Power, identity and dark love: If an Egyptian Cannot Speak English
If an Egyptian Cannot Speak English starts with an epigram from an Instagram caption posted by Egyptian photographer Hana Gamal in 2016: “I am not what you think I am. You are what you think I am.”
The statement connects identity and the existential sense of self with the reality of our external environment, which is usually beyond our control, and in author, Noor Naga’s chosen epigram, who we are is related specifically to the perception – and often judgment – of the person gazing back at us: the confusion and resentment of seeing a face that is both familiar and foreign.
"As is often true in relationships inflected by power, only one person will survive in the end"
For Naga’s dual villain-protagonists (it is never made clear who is the villain, and who is the hero), the desire, violence and trickery of the mutual gaze spur the entire novel. And as is often true in relationships inflected by power, only one person will survive in the end.
Naga’s hero and heroine are unnamed, diffusing the novel with a noir feel, a thrill not unlike the secrecy and contrasts with which they pursue their romantic affair, a relationship steeped as much in survival as it is in curiosity and the desire for closeness.
The boy from Shobrakheit is a photographer, who has devolved into a cocaine addict after Sisi hijacked the revolution. Living “hand-to-mouth” in Cairo as a camera assistant and shooting commercials (and sometimes porn) after leaving his village when his grandmother commits suicide, the boy from Shobrakheit finds in the Egyptian uprising a sense of dignity and collective self, a regenerative protest against the same poverty and misery that killed his grandmother.
“I was in the square every day, documenting what we were already calling revolution. . . It had never happened before the global epicenter tipped in our direction. Suddenly, America was watching us. In its gaze we became a collective: demonstrative, intentional. We wanted to show them who we were,” he reminisces.
The boy from Shobrakheit’s photography attains a resonance it previously lacked: he sells his photos of Tahrir Square to Reuters, CNN and the BBC. The depression and deprivation after the revolution, the Egyptian pound falling to “a third of what it was worth in 2011”, and the state jailing activists incurs the photographer to use cocaine for relief.
Still, the euphoria of revolution persists in an unresolved past: “If you weren’t there, I couldn’t tell you what it was like.”
And the American girl, who arrives in Egypt in 2018, was not there, an absence rendered conspicuous by her presence in her erstwhile homeland.
“I am too late returning and he knows it,” she reflects; her search for identity will always be undermined by the fact that she did not grow up in Egypt, she did not live in the same hustle and poverty as her compatriots, she had access to a different set of options that denoted not just her privilege, but her brought-up in another world.
She watched the revolution “on television from the comfort of my home on the Upper West Side, a French bulldog on my lap.” She can call herself Egyptian, but she can never truly belong in the country of her parents’ birth, and even if she finds belonging, she will always be haunted by her past in America.
She comes to Egypt ostensibly to learn about her identity, but psychological reasons simmer underneath her stated intention: her parents are getting a divorce, and the home in which she lives is not exactly stable.
A graduate of an Ivy League university, the American girl’s path to political awareness has been significantly different from the awakening of the boy from Shobrakheit, less about economic disparity and dictatorship, housed instead in the sinking quagmire of American identity politics, the illusory power of Twitter clout, and positioning oneself relative to Blackness to gain authenticity.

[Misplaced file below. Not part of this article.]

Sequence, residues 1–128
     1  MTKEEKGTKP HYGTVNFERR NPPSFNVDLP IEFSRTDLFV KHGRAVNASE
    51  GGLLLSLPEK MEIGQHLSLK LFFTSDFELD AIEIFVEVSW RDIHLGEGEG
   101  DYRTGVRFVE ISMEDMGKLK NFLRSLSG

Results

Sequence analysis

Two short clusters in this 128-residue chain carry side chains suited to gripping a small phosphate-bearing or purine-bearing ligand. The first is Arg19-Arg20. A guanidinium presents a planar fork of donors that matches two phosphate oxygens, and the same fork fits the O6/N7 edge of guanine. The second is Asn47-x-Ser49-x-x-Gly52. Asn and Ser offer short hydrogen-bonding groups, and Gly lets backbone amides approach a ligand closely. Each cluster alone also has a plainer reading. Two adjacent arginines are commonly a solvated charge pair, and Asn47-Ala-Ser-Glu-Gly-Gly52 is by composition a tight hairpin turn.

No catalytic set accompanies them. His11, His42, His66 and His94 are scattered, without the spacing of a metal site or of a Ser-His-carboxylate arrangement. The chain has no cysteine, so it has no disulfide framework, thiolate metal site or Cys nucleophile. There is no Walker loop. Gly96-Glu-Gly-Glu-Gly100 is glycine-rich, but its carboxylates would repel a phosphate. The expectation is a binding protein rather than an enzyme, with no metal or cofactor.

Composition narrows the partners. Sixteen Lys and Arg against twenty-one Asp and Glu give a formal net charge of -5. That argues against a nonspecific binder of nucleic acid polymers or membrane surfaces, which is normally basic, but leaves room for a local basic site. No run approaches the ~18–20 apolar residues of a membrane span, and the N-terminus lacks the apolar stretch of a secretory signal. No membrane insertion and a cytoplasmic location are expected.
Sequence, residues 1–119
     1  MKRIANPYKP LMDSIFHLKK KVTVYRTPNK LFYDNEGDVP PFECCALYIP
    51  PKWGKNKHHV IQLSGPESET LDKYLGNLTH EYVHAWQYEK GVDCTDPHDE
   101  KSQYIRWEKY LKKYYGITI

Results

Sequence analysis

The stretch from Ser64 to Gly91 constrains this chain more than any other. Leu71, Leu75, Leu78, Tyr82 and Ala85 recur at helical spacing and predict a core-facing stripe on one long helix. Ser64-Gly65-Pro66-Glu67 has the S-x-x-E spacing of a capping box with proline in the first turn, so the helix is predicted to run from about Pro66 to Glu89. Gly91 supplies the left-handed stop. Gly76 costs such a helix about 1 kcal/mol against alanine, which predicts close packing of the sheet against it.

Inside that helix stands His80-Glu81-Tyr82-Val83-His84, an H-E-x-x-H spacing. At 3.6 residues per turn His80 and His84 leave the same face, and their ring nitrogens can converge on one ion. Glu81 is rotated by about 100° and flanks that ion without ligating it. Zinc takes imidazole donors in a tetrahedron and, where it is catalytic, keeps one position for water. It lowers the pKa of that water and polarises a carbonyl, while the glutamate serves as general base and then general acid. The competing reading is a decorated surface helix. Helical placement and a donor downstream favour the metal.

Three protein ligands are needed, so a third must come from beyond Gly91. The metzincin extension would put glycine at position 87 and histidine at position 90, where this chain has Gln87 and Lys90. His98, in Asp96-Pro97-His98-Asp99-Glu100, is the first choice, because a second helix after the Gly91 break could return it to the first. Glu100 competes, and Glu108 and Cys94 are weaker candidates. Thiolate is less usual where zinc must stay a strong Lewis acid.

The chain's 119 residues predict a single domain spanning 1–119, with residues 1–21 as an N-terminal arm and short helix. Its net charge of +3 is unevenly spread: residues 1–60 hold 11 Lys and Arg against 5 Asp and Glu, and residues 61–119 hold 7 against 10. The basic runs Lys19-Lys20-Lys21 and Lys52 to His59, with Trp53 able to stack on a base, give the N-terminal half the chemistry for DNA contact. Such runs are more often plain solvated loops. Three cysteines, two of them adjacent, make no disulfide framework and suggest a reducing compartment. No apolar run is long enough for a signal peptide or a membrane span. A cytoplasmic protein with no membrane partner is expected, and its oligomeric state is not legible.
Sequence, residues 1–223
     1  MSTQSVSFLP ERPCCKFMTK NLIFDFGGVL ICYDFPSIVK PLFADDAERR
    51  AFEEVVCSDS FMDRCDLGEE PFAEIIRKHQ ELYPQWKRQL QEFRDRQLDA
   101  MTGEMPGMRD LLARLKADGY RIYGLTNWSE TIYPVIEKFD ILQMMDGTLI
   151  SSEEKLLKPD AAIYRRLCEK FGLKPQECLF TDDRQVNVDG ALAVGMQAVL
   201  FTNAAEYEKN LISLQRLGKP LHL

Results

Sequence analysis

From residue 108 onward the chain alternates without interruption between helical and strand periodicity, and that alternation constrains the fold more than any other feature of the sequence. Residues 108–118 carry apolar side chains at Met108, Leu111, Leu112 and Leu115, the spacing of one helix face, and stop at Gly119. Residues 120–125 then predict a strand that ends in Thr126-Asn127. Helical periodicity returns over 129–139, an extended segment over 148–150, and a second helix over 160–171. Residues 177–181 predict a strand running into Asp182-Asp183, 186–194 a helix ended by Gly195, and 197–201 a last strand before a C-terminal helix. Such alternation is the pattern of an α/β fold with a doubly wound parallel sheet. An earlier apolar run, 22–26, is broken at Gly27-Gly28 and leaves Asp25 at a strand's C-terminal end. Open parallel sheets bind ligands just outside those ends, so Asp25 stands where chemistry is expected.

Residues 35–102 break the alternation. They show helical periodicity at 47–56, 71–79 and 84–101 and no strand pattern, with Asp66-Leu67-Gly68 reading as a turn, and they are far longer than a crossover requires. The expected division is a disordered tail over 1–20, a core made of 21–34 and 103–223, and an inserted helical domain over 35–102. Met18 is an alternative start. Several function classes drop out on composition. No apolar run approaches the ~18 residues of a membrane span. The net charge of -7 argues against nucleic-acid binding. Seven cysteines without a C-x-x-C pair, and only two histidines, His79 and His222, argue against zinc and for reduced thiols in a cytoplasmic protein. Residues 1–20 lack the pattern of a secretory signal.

She describes her ex Elijah, “a bearded, depressive Black man from Philly”, who liked racially ambiguous, light-skinned women he could “name queens before they named themselves”, and subsume in an amorphous idea of Blackness, even if they were not Black themselves.
The American girl wore her hair in “crochet braids” the entire time she dated Elijah, “piled on my head like a basket, or a diadem.” She remembers that even if deep down inside she knew what she was doing was wrong, she wanted to be “let in”, and find acceptance and belonging that she could not discern elsewhere. By the time she gets to Egypt, she is bald, an unwitting spectacle for children on the streets of Cairo.
"The American girl experiences culture shock at this naked display of contempt for the poor, so different from the United States, where classism is sugarcoated by meritocracy and the deceptive idea of equal treatment under democracy"
For the boy from Shobrakheit, the American girl is strange but also beautiful, she is “clean”, which is “code for more than just money; a coveted un-Egyptianness, a combination of first world contact and old-world etiquette.”
They initially bond over a shared sense of injustice when a mutual friend, Sami, refuses a group of girls clad in hijab and layered outfits entry to his father’s restaurant. Café or restaurant? the girls are asked, and “whatever the girls had answered would have been the wrong answer. They were unwelcome.”
The American girl experiences culture shock at this naked display of contempt for the poor, so different from the United States, where classism is sugarcoated by meritocracy and the deceptive idea of equal treatment under democracy (the latter of which Egypt, of course, is not).
The two feel a surprising kinship for each other, which evolves into a relationship. The courtship is more intuitive than romantic, rooted in “habits” and a sense of physical and social protection into which the American girl leans, which in spite of her independence, her American-ness, her outward condemnation of patriarchy, she understands as necessary to survive in Cairo, a fast city, a foreign city, a city that does not provide a given place for women like her.
The boy from Shobrakheit teaches the American girl how to get around the city, how to buy food from the market in black plastic bags so that nobody can see what is inside, shifts her purse to the shoulder that isn’t facing the street so that motorcyclists “cannot snatch it”, and gives her a tour of Cairo, memories of the revolution in his mind: “That is the apartment Al Jazeera used to film [Tahrir] square from. Aren’t you lucky to be here with me? Who else could tell you these things?”
In a way, the boy from Shobrakheit is cultivating the American girl, honing her into the vision of a woman for whom he can take all the credit. And the American girl, alone and in fear, despite her blue passport and privilege and job at the British Council, understands perhaps on a primal level that she needs a man to be considered legitimate in Egyptian society.